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On April 12 a series of events took place in a quick succession rushing a forced takeover. Pedro Carmona, a business leader, was “sworn in” as “president”. He did not do it on the Venezuelan constitution but pathetically reciting a pre-written statement from a single sheet of paper. Some foreign governments – not surprisingly, the United States, Canada, Israel, Chile – gave recognition to the new de facto government. That was followed by another recitation to repeal 49 important laws issued by the Chávez government.
Perhaps, the most shocking action was the rescinding of the official name of the country from “Bolivarian Republic of Venezuela”, as established by the 1999 constitution, back to “Republic of Venezuela”, as it was before Chávez was elected president. The significance of the rejection of the term “Bolivarian” must be noted. It reflected a rejection of one of the most important values of Chavismo: the symbolic continuity of the struggle for independence of Latin America by the Liberator Simón Bolívar in the 19th century. The Venezuelan historic figure revered in the region, whose statue stands in all small and large plazas in Venezuela, and who gives his name to the country of Bolivia was reneged that day by a small group of individuals whose values betrayed their lack of patriotism. Their real intention was the dismantling of the Bolivarian Revolution all together.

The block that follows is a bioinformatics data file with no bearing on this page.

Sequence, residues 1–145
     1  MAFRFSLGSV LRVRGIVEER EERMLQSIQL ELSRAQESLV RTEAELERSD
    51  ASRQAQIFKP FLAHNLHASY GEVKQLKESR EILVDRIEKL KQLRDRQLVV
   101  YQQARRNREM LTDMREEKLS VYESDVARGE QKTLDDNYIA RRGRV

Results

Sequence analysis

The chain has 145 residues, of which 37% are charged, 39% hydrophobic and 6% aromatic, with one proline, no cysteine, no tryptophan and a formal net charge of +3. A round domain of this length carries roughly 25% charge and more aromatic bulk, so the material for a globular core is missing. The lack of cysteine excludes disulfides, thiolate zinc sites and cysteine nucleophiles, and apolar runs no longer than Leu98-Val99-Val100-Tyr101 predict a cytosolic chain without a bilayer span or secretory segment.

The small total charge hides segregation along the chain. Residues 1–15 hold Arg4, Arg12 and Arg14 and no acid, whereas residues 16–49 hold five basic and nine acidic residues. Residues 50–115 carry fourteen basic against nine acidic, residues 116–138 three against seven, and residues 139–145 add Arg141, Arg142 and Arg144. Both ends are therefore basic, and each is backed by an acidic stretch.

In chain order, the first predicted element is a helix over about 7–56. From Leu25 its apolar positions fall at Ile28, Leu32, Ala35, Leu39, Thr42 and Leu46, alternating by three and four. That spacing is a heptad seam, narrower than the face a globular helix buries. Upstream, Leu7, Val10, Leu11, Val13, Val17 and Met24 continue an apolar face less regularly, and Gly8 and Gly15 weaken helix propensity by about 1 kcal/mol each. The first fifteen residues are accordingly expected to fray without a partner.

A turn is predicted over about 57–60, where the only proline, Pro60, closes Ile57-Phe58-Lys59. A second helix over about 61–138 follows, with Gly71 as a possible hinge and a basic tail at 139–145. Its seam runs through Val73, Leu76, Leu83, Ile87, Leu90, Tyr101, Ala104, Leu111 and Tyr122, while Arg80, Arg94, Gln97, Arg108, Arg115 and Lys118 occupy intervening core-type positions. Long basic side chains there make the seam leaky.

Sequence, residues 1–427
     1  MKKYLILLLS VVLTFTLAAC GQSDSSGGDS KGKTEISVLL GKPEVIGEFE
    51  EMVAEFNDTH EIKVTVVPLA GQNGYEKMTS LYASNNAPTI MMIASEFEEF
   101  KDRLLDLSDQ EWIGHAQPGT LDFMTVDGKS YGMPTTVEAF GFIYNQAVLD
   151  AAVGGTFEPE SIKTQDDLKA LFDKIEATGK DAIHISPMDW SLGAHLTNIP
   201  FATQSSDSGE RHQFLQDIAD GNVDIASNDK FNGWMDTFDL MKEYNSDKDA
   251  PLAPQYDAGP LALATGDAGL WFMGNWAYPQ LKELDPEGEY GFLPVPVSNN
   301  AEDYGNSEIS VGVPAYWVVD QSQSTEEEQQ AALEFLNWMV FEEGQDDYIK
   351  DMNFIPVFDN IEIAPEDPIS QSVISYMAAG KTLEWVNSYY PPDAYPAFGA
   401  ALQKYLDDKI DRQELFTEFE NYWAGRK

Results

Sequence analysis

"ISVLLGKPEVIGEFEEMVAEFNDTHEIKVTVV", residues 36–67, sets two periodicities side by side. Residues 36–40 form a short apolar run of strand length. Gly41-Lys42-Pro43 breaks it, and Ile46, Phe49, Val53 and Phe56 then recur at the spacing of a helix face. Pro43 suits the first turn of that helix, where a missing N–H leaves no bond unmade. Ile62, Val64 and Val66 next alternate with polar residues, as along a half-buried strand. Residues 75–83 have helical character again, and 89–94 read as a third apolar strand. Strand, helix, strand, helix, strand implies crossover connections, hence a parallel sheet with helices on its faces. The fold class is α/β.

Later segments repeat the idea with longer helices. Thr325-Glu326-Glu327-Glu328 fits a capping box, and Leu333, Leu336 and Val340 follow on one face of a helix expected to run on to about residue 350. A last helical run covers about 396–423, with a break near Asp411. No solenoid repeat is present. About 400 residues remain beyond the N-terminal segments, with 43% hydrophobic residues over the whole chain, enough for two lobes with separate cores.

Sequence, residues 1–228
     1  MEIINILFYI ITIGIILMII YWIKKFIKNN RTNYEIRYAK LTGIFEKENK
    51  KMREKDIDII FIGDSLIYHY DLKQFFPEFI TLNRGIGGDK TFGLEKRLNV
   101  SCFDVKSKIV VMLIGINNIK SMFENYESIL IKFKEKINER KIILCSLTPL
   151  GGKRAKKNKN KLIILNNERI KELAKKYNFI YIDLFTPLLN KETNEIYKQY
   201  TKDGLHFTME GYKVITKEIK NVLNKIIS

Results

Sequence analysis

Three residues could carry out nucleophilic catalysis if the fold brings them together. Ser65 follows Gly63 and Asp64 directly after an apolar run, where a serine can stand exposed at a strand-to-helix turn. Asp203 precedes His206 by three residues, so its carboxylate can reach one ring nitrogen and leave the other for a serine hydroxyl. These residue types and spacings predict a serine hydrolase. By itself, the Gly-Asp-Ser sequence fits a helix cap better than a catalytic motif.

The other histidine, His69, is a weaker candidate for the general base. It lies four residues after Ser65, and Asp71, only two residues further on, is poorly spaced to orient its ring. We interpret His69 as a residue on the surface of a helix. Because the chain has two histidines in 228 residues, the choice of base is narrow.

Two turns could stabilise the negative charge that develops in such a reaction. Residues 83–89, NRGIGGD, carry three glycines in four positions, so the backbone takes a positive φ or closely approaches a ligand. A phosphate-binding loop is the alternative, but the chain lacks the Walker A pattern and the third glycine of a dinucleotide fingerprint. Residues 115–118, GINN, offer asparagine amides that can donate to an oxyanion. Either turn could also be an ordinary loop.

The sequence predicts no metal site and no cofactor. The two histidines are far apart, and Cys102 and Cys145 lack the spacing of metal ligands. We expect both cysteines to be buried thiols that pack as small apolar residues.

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While this was happening inside Miraflores, outside those walls the news of the coup spread quickly by word of mouth and galvanised the popular sectors that had supported Chávez in the elections of 1998. They literally descended from their poor dwellings that surround the hills of Caracas to reclaim their leader.